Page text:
She also used the Cactus service when her addiction was active and she had pending court charges.

Two years after being drug free and on methadone, Lorraine became pregnant. The Family Matters service helped her reduce her methadone dosage throughout her pregnancy so that it had significantly reduced by the time her first son was born.

Lorraine got back into work around three years ago when one of the Family Matters team told her about the Scottish Drug Forum’s Addiction Worker Training Project. She applied for the training and thanks to two successful paid placements at Turning Point Scotland and the RCA Trust, she completed her SVQ 2 in Health and Social Care.

Lorraine’s mum tragically passed away just as she was finishing her placement, and she struggled to adjust to life without her.

One year later, Lorraine contacted Colin Turner at the Sunshine Recovery Café, who offered her a voluntary position, which led onto a committee secretary post and role as treasurer.

She said: “My mum was my best friend. I’m very proud that she got to see me make it through to the other side and to meet my two boys.

“I didn’t think I would be employable due to my past. Renfrewshire services provided me with fantastic support and were a huge part of my recovery.

“The Sunshine Recovery Café is my second home. I love the people there – everyone is in recovery and everyone is supporting each other through it.

“I know that I will always be in recovery but that feels normal to me.

“If I hadn’t been through it all, I wouldn’t be the person I am now.”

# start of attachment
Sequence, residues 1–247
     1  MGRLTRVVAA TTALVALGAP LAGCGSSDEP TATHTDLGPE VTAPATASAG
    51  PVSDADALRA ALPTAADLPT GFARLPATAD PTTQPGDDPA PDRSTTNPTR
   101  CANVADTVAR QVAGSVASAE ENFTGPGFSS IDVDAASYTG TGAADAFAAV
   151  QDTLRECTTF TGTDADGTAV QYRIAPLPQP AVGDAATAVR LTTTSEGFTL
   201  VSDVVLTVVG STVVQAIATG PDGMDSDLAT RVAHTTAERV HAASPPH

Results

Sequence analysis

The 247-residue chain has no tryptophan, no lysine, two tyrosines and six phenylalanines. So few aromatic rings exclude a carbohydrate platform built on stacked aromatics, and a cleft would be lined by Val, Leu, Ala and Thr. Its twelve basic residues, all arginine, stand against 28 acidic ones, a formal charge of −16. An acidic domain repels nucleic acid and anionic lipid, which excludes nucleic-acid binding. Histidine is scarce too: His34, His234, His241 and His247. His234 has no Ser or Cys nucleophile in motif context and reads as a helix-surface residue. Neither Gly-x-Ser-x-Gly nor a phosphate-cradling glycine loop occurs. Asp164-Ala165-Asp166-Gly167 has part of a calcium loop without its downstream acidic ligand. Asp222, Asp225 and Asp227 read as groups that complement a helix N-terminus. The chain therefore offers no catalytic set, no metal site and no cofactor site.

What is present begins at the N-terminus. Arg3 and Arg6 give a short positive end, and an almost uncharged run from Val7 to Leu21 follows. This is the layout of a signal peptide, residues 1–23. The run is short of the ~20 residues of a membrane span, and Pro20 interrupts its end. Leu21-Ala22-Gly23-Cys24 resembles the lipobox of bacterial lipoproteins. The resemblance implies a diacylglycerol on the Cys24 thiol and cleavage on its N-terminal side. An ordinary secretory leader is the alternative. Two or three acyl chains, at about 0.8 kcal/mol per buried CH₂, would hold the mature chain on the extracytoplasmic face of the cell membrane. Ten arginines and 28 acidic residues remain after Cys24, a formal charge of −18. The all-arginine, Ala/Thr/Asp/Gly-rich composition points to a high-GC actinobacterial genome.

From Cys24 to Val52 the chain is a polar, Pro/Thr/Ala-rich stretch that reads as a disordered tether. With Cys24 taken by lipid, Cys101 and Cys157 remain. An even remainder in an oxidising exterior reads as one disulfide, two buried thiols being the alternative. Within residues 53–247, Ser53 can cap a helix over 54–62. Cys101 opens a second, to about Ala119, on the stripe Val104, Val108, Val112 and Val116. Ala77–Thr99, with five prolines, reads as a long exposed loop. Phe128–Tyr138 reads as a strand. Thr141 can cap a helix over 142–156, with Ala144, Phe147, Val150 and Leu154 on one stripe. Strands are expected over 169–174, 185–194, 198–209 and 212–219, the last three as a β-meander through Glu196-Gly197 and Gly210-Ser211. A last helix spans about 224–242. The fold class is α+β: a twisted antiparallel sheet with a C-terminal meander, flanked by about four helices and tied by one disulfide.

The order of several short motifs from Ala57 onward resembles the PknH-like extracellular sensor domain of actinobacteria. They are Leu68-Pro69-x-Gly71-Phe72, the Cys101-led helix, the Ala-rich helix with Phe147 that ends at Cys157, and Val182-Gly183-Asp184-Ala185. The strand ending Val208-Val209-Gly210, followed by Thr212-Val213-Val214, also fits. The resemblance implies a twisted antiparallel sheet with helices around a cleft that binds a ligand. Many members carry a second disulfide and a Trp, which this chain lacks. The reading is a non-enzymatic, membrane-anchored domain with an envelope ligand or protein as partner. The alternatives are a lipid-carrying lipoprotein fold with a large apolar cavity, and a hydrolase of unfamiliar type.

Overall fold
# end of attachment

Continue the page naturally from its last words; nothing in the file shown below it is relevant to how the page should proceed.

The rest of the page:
Lorraine is pleased that the Renfrewshire Alcohol and Drugs Commission has been set up and has no doubt that hearing from people – and family members – who are living with the impact of alcohol and drug use will be a vital part of how Renfrewshire moves things forward.

She said: “It’s so important that we talk about these issues and bring them out into the open. Everyone is affected by addiction and mental health but some people still have a fear of talking about it.

“I hope that the work of the Commission will encourage services to share information so that we can work together to improve lives.”

One of the most important parts of the work of the Commission continues to be listening to the voices of those with lived experience: talking to service users and people in recovery.
To hear these voices, Commission members have visited Renfrewshire services including the Sunshine Recovery Café, the Renfrewshire Men’s and Women’s Groups, Renfrewshire Family Support Group, and Renfrewshire Adolescent Drug and Alcohol Resource (RADAR).

Lead officer for the Commission, Laura McIntyre, said: “The sessions that Commission members have had with local groups and organisations and staff are really what this Commission is all about – listening to those who know what it’s like to live with or support people who are experiencing issues with Alcohol and Drugs.

“Local organisations like The Sunshine Recovery are fantastic, and through the Commission we are recognising the need for everyone in Renfrewshire to work together to support recovery and to build strong relationships with each other.

“As we move into 2020, it’s exciting to see possible recommendations emerging, with a huge opportunity for Renfrewshire as a whole to come together to positively support recovery, and to improve the life chances of local people.”

Before the end of this year, the Commission will continue to review how services are operating across Renfrewshire and consider how best to reach people most in need of support, before reporting on its findings in early 2020.